Before we make this blog, we ran through our customers’ feedbacks and also the top-asked questions by our customers. Going through a Covid-19 Work-From-Home situation, we knew that most of our customers are staying at home, and therefore we feel that now is the perfect time to make a blog.
I believe that it can be a lot of fun to play with our watch while we stay at home.
Lets discuss the Rolex GMT-MASTER watch. Many of our customers own few different pieces of Rolex GMT-MASTER watches. One of our customers has a beautiful collection of GMT-MASTER watches, from the historical GMT-MASTER watch with Acrylic crystal to the latest GMT-MASTER II watch with Cerachrom bezel. One of the top-asked questions by our customers is: “how to set my GMT-MASTER watch?”
To set our GMT-MASTER watch, the key is to see if the watch we are setting is GMT-MASTER or GMT-MASTER II watch. Then setting the watch will be pretty straight-forward.
Some of us have both the GMT-MASTER & GMT-MASTER II watch, so sometimes we get a bit confused when we set the watch. Moreover in 1989, Rolex has released the respective two models at the same time. One is a GMT-MASTER II watch with reference number 16710, and the other is a GMT-MASTER watch with reference number 16700.
They are very similar watches.
The quickest way to differentiate is to take a close look at the dial of the Rolex GMT-MASTER watch. If we see the writing “GMT-MASTER II”, then we are setting the watch with the newer movement, and the writing “GMT-MASTER” indicates an older movement.
It is to be noted that in 1989, both of this movements are made available to watch buyers. During this time, the GMT-MASTER watch (16700) is offered as a more cost-effective watch. The GMT-MASTER II watch utilize a more modern movement, with independent hour hand, whose concept is still being used until today.
When setting a GMT-MASTER watch, we set the hour hand together with the 24-Hour GMT hand. In this video, our GMT hand will denote our home time, and the hour hand shall denote the current time wherever we are.
In the case of Rolex GMT-MASTER 16700, We will first unscrew the crown, and pull the crown to the first position to set the date.
To set the hours and minutes, we pull the crown to the second position, which is the maximum position the crown can be pulled. And then we turn the crown clockwise direction to move forward the GMT hand, the hour hand and the minute hand. Both the GMT and hour hands should move at the same rate when we turn the crown. Two full rotations of the hour hand is equal to one rotation of the GMT hand.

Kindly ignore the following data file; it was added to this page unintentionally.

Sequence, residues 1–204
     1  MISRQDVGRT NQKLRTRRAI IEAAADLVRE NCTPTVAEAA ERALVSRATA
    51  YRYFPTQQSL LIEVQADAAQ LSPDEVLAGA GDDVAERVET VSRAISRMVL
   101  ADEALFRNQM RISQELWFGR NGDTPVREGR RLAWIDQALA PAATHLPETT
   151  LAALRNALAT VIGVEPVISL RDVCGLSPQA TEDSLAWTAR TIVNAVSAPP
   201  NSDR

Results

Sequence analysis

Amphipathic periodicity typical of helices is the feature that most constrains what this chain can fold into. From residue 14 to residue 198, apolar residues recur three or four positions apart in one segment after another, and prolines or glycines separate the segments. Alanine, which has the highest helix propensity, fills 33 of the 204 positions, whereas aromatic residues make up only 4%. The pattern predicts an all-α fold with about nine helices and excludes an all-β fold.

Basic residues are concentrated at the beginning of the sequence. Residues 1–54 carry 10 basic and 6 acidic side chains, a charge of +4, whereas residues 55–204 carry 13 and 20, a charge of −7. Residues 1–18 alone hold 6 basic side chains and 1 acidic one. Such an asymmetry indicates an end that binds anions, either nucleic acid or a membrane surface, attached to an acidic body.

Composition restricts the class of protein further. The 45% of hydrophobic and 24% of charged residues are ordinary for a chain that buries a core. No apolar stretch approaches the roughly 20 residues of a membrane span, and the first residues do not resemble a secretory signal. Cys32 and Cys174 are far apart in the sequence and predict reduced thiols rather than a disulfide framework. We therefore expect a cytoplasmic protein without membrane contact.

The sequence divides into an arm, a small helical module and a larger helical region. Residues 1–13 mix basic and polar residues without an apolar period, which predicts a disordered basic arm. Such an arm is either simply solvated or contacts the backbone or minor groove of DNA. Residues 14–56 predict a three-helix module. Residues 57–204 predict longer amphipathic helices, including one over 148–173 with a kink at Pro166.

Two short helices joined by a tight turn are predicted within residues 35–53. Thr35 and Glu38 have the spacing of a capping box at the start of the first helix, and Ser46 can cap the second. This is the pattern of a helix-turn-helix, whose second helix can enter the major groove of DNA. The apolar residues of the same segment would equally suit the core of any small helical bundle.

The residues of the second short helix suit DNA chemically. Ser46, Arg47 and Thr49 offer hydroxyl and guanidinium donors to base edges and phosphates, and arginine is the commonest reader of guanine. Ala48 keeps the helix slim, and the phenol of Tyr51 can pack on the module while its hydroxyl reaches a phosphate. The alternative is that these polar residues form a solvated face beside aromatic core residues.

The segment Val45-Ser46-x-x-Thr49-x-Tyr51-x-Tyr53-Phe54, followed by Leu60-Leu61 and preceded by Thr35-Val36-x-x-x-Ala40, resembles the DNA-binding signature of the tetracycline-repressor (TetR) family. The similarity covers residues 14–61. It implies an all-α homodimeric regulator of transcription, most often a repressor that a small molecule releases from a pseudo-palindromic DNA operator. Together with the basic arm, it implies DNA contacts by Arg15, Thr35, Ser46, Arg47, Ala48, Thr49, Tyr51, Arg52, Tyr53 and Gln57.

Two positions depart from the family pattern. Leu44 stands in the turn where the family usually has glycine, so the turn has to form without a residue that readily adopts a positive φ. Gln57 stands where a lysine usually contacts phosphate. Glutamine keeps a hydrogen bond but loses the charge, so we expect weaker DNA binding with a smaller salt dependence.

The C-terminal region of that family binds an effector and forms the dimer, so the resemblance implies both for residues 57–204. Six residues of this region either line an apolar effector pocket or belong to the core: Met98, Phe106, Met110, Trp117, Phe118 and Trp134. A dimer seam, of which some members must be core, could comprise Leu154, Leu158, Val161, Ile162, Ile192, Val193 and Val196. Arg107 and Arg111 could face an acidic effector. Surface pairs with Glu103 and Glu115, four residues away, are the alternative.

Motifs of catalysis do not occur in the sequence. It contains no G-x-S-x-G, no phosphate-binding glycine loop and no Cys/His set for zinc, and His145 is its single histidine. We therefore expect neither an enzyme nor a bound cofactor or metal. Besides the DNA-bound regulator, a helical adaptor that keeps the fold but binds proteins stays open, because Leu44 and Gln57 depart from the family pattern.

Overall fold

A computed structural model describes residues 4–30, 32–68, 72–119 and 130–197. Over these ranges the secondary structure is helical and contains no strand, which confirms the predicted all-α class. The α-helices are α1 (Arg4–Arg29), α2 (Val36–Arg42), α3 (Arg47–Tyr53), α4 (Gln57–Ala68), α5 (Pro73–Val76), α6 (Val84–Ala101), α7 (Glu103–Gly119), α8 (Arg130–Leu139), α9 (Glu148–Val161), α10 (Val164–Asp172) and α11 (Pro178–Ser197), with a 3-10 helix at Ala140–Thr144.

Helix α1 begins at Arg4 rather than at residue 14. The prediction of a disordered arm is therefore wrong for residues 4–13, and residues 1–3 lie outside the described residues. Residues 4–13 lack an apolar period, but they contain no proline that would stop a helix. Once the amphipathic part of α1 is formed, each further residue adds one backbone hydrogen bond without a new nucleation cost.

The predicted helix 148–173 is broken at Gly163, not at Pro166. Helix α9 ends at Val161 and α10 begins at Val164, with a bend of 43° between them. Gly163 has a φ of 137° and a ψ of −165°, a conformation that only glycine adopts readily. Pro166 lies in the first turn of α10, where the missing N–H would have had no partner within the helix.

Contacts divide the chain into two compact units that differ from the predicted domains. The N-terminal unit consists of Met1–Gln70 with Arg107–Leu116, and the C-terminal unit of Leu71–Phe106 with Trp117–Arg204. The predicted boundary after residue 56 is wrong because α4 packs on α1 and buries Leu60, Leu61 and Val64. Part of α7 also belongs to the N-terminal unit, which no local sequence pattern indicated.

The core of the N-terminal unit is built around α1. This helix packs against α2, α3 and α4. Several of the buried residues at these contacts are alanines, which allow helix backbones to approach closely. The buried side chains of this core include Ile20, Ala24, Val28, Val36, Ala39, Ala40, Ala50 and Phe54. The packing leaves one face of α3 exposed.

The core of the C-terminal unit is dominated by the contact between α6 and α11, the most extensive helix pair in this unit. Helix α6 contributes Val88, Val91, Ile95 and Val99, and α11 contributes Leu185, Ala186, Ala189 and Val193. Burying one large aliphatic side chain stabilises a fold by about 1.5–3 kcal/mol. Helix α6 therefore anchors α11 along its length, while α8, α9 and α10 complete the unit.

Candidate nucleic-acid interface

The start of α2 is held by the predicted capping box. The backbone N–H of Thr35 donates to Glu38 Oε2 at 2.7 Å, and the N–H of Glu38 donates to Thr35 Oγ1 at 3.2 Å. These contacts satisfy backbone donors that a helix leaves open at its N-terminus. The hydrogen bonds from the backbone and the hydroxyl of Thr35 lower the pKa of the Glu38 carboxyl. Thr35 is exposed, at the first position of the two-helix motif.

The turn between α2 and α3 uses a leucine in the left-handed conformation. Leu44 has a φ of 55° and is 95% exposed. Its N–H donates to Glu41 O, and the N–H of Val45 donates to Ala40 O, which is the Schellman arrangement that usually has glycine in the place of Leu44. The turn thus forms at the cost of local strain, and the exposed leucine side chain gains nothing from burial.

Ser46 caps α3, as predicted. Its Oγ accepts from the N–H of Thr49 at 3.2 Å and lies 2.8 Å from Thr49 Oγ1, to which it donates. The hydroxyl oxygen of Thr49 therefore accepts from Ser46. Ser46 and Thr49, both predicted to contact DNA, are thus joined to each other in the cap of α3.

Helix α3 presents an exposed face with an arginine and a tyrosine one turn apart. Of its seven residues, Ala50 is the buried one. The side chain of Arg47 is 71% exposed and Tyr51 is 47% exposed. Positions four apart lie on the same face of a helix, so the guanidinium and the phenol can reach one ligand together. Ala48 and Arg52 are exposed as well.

After we finish, the bezel can then be turned to denote the home time.
In this case, we set the date to the 8th and both the GMT (home) time to 8:20 pm and current time to 8:20 pm.
When setting a GMT-MASTER II watch referenced 16710, we pull the crown to the first position to set the independent hour hand to set the date. The hour hand moves two full rotations to increment the date.
To set the GMT hand and minute hand, we need to pull the crown to the outmost position, or the second position. All three hands will move at the same time, but we will focus on the GMT hand and the minute hand.
And finally we move the crown back to its first position to set the hour hand against the current time.
GMT-MASTER II Third time
The Rolex GMT-MASTER II can denote a third time zone.
Although it can be used to display a third time zone, only two different times can be read at one moment.
If we want to read the time, which is two hour ahead of our home time, we could rotate the bidirectional bezel two hours ahead and the time that we want to read will be indicated by the numeral on the bezel that the GMT hand points to.
For example, if a person who lives in Jakarta is currently in Makassar visiting his family, he can read the current time in Makassar on the dial as normal (from the hour and minute hands), while the GMT hand shows him the time back home in Jakarta against the 24-hour scale on the bezel.
If he wants to read the time in Jayapura, which is two hour ahead of his home time in Jakarta, he could rotate the bidirectional bezel two hours ahead and the time in Jayapura will be indicated by the numeral that the GMT hand points to on the bezel.
Take note that since the bezel has been rotated, the GMT hand no longer displays the Home time that it shows previously. So while the watch cannot show all three times at once, it is a rather quick and easy task to switch it to reference a third time.
The new improvement to the Cerachrom bezel is the ability for it to move in one hour increment, and thus is easier to turn it with precise. It helps us to quickly and accurately read the third time.
It seemed most effective if you set the GMT hand to be your home time. And when you travel, you can set the hour hand to be the current location time. The reason is that when the hour hand is set, it moves one hour ahead or behind, so we would not mess up the minute. In addition to that, the second hand will also continue running, therefore we will not mess up the time.
It is however totally up to you, because this boils down to personal preference. You should wear your watch however you like it.